This year's annual CTIA Wireless I.T. trade show kicks off in San Francisco Oct. 23-25 and continues the split-personality themeÃƒÂ¢Ã¢â€šÂ¬Ã¢â‚¬Âthat is a focus on entertainment and the enterprise.
While mobile entertainment continues to dominate the show as it has done during the past several years, its less sexy brethren, the mobile enterprise, continues to plod along. Wireless in the enterprise is making steady headway for the simple reason that workforces are becoming increasingly mobile, and remote employees need to be more productive. Most of all, enterprises want to save money on IT costs.
Cost savings is what fixed-mobile convergence (FMC), otherwise known as dual-mode WiFi/mobile service, is supposed to give to the enterprise. FMC promises least-cost call routing and converged messaging benefits as well as more enhanced services, such as richer unified communications applications including presence, instant messaging and other collaboration tools.
Still, FMC faces significant barriers in the enterprise. The Yankee Group recently noted in a report that enterprises have a "not now" attitude about FMC services. They like the productivity benefits of FMC, but aren't impressed enough by the cost savings.
The market research firm suggests that enterprises may want FMC to be a low-cost or free capability included in a broader package of services.
According to the research firm, enterprise adoption of FMC remains low, with only 2 percent of large enterprises in Europe deploying FMC and even fewer in the U.S. and Canada. The Yankee Group says competition from alternative mobility initiatives, technological immaturity and reduced priority placed on voice communications by IT decision-makers have contributed to the low adoption rate. In addition, 29 percent of large enterprise IT decision-makers surveyed in the U.S. consider the technology "nice to have," but not a "critical" application on their IT/networking road map.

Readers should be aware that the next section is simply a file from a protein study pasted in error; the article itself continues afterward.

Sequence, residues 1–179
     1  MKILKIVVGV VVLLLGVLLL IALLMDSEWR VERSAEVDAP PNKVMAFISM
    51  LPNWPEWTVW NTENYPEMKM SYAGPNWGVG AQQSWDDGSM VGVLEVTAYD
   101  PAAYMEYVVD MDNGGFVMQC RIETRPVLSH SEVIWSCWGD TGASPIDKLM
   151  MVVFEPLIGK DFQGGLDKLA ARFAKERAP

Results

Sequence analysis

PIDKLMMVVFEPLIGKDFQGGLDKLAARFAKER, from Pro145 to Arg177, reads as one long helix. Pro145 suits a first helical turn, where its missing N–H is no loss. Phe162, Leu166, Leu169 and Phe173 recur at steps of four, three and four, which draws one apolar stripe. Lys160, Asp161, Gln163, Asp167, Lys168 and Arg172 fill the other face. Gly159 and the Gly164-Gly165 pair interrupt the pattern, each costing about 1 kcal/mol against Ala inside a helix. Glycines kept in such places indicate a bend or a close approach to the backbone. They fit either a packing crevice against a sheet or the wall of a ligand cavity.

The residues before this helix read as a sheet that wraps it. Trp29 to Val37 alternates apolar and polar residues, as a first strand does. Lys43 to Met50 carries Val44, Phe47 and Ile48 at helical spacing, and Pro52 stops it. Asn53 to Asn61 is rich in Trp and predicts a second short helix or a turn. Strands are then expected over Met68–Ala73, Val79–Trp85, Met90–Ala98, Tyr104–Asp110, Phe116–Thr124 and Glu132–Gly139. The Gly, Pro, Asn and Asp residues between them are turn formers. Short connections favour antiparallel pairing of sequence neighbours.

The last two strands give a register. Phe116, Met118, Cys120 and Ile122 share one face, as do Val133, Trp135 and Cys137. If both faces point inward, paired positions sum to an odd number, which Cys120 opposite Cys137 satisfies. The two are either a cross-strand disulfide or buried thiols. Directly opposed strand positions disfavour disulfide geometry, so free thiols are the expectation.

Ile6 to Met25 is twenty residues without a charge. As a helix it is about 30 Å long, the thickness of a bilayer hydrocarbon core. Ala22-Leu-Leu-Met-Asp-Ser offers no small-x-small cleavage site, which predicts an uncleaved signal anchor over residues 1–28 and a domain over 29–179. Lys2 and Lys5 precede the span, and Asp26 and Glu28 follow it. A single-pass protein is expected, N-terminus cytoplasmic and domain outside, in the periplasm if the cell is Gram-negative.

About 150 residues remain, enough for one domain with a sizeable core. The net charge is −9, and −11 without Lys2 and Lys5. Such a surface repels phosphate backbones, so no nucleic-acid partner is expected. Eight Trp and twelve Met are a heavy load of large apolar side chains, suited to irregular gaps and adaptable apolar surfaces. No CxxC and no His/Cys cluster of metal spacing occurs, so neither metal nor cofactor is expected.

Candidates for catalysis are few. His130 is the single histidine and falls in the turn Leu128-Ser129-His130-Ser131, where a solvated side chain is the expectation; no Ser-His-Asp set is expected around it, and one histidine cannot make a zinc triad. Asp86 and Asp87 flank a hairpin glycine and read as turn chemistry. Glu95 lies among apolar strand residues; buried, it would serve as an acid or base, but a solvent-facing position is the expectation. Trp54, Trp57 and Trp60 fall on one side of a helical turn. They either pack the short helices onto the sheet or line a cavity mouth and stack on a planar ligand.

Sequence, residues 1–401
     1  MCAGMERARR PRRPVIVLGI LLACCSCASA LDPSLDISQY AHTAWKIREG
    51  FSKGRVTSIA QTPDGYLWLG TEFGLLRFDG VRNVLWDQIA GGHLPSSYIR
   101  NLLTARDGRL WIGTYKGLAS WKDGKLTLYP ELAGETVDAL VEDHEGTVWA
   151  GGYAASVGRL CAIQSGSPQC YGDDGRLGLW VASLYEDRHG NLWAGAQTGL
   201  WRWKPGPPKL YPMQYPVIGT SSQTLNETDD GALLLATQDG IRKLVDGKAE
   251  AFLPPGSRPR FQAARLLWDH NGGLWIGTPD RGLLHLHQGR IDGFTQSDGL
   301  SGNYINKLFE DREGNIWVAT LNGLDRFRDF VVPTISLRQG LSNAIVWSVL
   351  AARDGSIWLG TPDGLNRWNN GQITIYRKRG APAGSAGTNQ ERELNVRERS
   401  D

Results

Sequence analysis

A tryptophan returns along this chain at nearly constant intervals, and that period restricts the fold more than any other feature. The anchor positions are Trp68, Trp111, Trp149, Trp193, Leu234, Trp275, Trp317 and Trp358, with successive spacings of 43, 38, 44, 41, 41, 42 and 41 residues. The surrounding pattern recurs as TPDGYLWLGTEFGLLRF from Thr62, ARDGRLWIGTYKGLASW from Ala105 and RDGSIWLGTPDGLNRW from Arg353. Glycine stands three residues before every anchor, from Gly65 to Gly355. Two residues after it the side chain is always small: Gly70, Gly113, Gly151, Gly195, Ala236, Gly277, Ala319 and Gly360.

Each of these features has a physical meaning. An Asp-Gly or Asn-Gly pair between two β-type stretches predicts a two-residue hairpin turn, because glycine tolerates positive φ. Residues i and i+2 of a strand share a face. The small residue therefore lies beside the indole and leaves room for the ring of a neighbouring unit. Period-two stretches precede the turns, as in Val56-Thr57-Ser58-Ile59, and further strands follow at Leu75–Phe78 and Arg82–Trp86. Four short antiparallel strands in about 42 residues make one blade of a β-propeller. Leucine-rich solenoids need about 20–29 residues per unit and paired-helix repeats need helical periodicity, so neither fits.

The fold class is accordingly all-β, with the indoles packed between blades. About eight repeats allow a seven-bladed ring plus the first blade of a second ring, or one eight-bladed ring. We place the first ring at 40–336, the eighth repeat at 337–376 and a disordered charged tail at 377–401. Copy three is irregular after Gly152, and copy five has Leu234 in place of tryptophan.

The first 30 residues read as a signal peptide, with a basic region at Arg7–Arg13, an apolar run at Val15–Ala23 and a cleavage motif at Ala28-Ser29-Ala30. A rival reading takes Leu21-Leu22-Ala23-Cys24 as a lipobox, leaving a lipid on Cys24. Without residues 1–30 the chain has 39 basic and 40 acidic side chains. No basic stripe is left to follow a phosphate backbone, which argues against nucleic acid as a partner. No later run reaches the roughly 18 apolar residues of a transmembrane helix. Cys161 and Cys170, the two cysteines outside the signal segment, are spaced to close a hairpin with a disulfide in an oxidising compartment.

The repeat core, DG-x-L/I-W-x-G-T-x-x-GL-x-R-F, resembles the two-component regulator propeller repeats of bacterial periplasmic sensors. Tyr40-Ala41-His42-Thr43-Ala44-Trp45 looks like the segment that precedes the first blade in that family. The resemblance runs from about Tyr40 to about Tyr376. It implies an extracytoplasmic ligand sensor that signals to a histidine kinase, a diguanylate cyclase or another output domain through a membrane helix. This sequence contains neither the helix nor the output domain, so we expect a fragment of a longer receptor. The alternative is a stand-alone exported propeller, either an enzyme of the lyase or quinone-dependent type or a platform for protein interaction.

As such, Yankee Group says these statistics don't bode well for FMC in the form that carriers are marketing it. Carriers are pushing the idea that FMC can reduce costs for the enterprise. Yankee Group recommends that the focus needs to shift from cost reduction to an emphasis on productivity.
Given the fact that some carriers have approached FMC with trepidation, not sure of what the economic model or the demand might be, and the weak demand for FMC solutions in the enterprise, one has to wonder where this enterprise market is going. Is it only stalled or dead in the water?
Maybe Sprint will blaze some trails in the enterprise. The operator recently revealed it plans to work with enterprises on the rollout of its WiMAX network, enabling businesses to install femtocells inside their office environments and take advantage of automatic roaming onto the carrier's WiMAX network outside.
The advantage for enterprises, according to Sprint, is that the service will be similar to WiFi but more secure and with easy roaming onto a carrier network. Sprint has issued RFPs for WiMAX femtocells, and the carrier expects large enterprises to buy and deploy femtocells for consistent coverage across their offices and campuses, maintaining control over them as they do with current WiFi networks.
Converged services will be one of the hot topics at CTIA Wireless I.T. -Lynnette
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